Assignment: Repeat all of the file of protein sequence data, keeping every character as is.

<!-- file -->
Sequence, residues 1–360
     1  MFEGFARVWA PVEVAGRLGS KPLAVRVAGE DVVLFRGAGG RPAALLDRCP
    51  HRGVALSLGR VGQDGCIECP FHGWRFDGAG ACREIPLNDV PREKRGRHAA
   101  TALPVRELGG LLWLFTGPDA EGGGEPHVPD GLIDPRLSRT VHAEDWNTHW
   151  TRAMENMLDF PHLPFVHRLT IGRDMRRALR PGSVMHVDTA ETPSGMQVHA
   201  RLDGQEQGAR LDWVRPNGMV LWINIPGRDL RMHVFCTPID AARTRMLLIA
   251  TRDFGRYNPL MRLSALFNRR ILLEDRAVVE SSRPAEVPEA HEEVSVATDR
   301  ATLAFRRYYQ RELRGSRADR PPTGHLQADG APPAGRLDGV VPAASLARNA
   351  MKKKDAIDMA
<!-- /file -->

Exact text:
Sequence, residues 1–360
     1  MFEGFARVWA PVEVAGRLGS KPLAVRVAGE DVVLFRGAGG RPAALLDRCP
    51  HRGVALSLGR VGQDGCIECP FHGWRFDGAG ACREIPLNDV PREKRGRHAA
   101  TALPVRELGG LLWLFTGPDA EGGGEPHVPD GLIDPRLSRT VHAEDWNTHW
   151  TRAMENMLDF PHLPFVHRLT IGRDMRRALR PGSVMHVDTA ETPSGMQVHA
   201  RLDGQEQGAR LDWVRPNGMV LWINIPGRDL RMHVFCTPID AARTRMLLIA
   251  TRDFGRYNPL MRLSALFNRR ILLEDRAVVE SSRPAEVPEA HEEVSVATDR
   301  ATLAFRRYYQ RELRGSRADR PPTGHLQADG APPAGRLDGV VPAASLARNA
   351  MKKKDAIDMA